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Body mass index, waist circumference, waist-hip ratio, and glucose intolerance in Chinese and Europid adults in Newcastle, UK.
  1. N Unwin,
  2. J Harland,
  3. M White,
  4. R Bhopal,
  5. P Winocour,
  6. P Stephenson,
  7. W Watson,
  8. C Turner,
  9. K G Alberti
  1. Department of Epidemiology and Public Health, University of Newcastle.

    Abstract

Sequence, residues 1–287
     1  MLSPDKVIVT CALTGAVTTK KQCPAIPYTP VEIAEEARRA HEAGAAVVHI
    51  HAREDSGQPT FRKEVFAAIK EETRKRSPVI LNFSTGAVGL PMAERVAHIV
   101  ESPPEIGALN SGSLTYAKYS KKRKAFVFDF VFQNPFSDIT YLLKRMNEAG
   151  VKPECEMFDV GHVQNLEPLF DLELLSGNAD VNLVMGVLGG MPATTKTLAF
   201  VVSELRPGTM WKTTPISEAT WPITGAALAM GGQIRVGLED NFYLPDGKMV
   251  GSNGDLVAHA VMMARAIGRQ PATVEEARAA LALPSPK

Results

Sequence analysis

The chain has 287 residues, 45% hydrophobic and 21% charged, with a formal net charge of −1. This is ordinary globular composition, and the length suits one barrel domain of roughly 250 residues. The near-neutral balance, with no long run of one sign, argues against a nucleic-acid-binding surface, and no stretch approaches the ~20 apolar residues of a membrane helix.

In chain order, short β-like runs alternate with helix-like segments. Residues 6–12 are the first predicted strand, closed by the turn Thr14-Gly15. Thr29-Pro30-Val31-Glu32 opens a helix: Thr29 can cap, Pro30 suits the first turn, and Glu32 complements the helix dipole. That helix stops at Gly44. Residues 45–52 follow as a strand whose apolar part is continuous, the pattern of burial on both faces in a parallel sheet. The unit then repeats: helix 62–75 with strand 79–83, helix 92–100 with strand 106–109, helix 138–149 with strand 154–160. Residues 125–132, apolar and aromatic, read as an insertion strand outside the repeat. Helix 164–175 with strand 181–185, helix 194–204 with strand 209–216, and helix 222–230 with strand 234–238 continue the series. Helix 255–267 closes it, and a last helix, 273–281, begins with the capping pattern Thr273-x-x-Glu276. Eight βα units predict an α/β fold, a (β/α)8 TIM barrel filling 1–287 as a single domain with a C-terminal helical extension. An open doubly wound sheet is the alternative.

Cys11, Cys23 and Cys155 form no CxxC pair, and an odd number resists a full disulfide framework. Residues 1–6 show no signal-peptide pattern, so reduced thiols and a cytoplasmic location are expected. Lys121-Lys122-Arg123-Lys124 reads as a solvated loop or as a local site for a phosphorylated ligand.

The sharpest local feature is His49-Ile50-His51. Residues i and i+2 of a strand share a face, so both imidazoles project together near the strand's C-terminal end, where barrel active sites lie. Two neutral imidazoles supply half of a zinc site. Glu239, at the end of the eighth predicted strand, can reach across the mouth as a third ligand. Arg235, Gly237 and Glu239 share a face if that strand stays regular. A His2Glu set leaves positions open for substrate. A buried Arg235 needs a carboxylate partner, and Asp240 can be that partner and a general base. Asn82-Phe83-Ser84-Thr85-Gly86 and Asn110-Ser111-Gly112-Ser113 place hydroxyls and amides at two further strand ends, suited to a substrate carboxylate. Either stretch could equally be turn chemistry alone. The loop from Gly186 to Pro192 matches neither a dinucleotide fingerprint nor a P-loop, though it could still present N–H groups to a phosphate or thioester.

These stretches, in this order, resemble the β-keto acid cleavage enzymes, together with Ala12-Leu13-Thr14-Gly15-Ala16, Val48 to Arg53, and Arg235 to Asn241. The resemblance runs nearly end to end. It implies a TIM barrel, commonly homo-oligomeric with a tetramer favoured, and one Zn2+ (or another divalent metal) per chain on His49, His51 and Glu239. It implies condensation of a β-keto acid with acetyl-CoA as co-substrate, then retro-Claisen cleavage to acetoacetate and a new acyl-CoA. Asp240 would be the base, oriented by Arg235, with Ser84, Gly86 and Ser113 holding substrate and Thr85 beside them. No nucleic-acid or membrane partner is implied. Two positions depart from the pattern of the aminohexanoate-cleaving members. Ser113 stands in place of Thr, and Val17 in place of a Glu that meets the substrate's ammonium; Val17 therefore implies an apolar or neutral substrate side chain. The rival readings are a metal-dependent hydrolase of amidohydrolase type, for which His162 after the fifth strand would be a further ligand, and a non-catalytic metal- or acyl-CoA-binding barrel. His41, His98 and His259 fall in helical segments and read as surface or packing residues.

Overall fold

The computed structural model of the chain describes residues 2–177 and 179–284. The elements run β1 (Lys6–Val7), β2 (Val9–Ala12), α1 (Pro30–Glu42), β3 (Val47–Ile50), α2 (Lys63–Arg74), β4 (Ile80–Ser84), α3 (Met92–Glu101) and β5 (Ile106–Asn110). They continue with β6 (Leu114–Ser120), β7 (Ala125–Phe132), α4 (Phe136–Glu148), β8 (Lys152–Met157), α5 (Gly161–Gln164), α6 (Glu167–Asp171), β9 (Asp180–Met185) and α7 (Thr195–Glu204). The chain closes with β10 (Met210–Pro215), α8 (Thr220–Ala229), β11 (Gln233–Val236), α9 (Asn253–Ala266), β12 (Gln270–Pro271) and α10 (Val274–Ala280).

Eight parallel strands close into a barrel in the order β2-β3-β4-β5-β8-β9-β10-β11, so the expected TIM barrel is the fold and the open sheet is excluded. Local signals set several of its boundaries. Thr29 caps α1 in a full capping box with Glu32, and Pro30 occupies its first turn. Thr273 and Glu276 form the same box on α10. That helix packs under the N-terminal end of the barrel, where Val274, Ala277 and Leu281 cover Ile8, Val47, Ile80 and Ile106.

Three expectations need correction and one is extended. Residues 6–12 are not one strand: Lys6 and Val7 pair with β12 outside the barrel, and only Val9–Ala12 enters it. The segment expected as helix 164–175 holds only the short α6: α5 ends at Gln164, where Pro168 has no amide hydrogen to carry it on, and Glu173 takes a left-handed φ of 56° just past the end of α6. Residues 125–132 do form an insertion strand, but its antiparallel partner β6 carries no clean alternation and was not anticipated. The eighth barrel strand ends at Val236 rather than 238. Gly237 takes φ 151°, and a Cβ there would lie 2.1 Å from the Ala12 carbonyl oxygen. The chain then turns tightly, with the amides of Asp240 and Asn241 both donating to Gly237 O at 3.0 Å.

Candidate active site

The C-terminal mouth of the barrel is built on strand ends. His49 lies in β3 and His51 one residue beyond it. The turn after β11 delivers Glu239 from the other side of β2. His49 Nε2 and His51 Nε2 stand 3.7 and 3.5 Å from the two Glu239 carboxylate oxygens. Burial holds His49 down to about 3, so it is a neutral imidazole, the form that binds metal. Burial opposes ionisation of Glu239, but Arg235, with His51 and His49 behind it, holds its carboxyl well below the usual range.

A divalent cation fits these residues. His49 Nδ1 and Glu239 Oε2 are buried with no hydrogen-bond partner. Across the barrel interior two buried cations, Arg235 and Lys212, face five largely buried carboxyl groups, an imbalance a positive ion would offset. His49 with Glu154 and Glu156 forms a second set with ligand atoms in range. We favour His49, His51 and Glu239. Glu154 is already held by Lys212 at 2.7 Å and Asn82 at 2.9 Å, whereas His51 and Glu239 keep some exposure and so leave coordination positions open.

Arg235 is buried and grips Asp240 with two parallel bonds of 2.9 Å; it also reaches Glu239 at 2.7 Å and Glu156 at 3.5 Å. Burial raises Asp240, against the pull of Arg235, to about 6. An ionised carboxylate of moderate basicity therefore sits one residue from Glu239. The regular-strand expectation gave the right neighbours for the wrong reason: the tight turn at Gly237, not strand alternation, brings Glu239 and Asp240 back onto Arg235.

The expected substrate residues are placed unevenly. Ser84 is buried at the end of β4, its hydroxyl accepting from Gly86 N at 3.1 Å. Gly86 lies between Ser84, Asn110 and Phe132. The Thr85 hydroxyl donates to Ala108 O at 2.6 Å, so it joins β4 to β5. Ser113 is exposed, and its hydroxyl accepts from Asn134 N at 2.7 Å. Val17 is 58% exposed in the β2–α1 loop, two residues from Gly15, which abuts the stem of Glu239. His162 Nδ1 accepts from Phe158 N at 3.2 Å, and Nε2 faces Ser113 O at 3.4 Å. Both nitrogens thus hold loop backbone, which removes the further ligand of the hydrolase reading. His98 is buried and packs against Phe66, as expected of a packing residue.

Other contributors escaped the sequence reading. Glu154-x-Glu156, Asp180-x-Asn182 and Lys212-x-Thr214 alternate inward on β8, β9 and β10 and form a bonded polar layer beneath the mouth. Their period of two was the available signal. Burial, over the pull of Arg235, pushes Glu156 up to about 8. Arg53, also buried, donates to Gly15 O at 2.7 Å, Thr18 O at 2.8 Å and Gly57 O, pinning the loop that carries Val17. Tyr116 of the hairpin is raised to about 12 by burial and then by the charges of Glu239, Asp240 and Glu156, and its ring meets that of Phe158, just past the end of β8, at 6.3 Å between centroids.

OBJECTIVE: To compare the prevalence of glucose intolerance (impaired glucose tolerance and diabetes), and its relationship to body mass index (BMI) and waist-hip ratio in Chinese and Europid adults. DESIGN: This was a cross sectional study. SETTING: Newcastle upon Tyne. SUBJECTS: These comprised Chinese and Europid men and women, aged 25-64 years, and resident in Newcastle upon Tyne, UK. MAIN OUTCOME MEASURES: Two hour post load plasma glucose concentration, BMI, waist circumference, and waist-hip ratio. METHODS: Population based samples of Chinese and European adults were recruited. Each subject had a standard WHO oral glucose tolerance test. RESULTS: Complete data were available for 375 Chinese and 610 Europid subjects. The age adjusted prevalences of glucose intolerance in Chinese and Europid men were 13.0% (p = 0.04). Mean BMIs were lower in Chinese men (23.8 v 26.1) and women (23.5 v 26.1) than in the Europids (p values < 0.001), as were waist circumferences (men, 83.3 cm v 90.8, p < 0.001; women, 77.3 cm v 79.2, p < 0.05). Mean waist-hip ratios were lower in Chinese men (0.90 v 0.91, p = 0.02) but higher in Chinese women (0.84 v 0.78, p < 0.001) compared with Europids. In both Chinese and Europid adults, higher BMI, waist circumference, and waist-hip ratio were associated with glucose intolerance. CONCLUSIONS: The prevalence of glucose intolerance in Chinese men and women, despite lower BMIs, is similar to or higher than that in local Europid men and women and intermediate between levels found in China and those in Mauritius. It is suggested that an increase in mean BMI to the levels in the Europid population will be associated with a substantial increase in glucose intolerance in Chinese people.

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